For four years, Google has been notifying Gmail customers when they come under attack from hackers who may be working for foreign governments. The company has long remained vague about the the way it detects and identifies these hackers—“we can’t reveal the tip-off,” the company tells users—and about the number of notifications it routinely sends. Until now.
When these warnings were introduced, they appeared as thin red bars tacked to the top of users’ inboxes. But just a few months ago, Google redesigned the notifications to be considerably more in-your-face: Now, they take up the entire screen, announcing themselves with an angry red flag. “Government-backed hackers may be trying to steal your password,” the alert reads, advising users to enable two-factor authentication.
The new alert says that fewer than one in a thousand Gmail users are targeted by foreign hackers—but for a product with more than a billion active users, that could still be a really big number. (0.1 percent of 1 billion is 1 million.)
On Monday, Google provided its most precise estimate ever of the number of cyberattacks it detects that target Gmail users. Speaking at Fortune’s Brainstorm Tech conference in Aspen, Colorado, Google Senior Vice President Diane Greene said the company notifies 4,000 users each month of state-sponsored cyberattacks, Reuters reported.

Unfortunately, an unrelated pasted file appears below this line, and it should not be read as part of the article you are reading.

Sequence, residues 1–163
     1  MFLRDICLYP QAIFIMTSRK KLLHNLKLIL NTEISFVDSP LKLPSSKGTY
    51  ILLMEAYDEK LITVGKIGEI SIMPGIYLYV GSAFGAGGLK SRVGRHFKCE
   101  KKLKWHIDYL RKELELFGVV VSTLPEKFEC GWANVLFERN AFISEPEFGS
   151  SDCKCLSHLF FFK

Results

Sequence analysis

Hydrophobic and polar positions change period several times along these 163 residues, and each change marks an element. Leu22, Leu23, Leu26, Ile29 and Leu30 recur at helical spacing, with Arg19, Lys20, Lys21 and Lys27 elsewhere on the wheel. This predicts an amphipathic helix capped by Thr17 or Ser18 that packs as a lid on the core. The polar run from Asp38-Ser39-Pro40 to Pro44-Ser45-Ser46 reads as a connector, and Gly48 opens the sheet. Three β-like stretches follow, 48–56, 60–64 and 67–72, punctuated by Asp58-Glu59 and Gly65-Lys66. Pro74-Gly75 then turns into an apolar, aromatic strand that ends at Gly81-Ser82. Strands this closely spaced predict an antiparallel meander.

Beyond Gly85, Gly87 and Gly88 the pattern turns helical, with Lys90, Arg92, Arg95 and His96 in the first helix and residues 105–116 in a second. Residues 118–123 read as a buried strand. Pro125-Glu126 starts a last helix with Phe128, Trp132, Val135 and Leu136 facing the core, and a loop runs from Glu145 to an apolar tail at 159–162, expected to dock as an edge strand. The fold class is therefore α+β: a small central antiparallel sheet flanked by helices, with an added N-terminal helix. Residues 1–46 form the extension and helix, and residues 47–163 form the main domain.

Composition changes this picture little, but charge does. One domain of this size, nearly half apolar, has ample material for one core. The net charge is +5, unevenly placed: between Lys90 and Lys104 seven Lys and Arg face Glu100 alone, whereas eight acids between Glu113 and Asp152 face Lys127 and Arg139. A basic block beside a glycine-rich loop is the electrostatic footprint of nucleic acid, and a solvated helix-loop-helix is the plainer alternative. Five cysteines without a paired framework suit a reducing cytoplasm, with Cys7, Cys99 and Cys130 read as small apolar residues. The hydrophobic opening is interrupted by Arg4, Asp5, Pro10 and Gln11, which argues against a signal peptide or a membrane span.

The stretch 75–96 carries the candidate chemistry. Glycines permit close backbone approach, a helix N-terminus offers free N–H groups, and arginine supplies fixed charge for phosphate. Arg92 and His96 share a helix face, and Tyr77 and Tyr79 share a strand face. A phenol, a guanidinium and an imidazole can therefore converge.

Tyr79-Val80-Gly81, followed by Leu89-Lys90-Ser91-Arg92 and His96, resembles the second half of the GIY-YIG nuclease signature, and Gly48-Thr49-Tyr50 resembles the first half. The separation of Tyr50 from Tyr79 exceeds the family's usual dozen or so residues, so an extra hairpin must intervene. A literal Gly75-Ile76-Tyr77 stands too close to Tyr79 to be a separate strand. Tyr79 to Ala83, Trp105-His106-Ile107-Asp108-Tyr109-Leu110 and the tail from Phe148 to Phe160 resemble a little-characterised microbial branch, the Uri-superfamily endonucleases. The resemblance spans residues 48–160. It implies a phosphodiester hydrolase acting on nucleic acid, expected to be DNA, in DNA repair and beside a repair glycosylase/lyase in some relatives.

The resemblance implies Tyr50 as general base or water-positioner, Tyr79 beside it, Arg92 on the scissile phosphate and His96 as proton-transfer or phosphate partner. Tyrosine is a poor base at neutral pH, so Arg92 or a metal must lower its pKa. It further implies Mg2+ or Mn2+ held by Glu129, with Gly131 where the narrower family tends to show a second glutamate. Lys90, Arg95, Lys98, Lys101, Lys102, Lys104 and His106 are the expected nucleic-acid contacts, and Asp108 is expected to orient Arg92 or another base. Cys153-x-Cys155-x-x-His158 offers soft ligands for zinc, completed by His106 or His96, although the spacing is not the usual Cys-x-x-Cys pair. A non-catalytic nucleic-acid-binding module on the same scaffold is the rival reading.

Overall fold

Google began delivering notifications about state-sponsored hacking attempts long before its peers, but starting last year, Microsoft, Twitter, Facebook, and Yahoo said they would send similar notifications to their compromised users as well.
Intelligence officials have repeatedly identified state-sponsored hacking as one of the foremost threats to the U.S. in speeches and congressional hearings. In a “worldwide threat assessment” delivered to the Senate Armed Services Committee last year, James Clapper, the director of national intelligence, said that cyberattacks are “increasing in frequency, scale, sophistication and severity of impact.”
The Justice Department has aggressively brought charges against several groups of state-sponsored hackers this year, adding two Syrians and seven Iranians to the FBI’s most wanted list for cybercrime in the span of weeks. With its campaign to “name and shame” the hackers, the FBI says it wants to hold countries that support hackers accountable.
Google’s notifications, like those of its peers, don’t name the country where the suspected cyberattacks come from. But if the notifications get recipients to change passwords and activate two-factor authentication, the hackers behind them could find their jobs getting a little harder.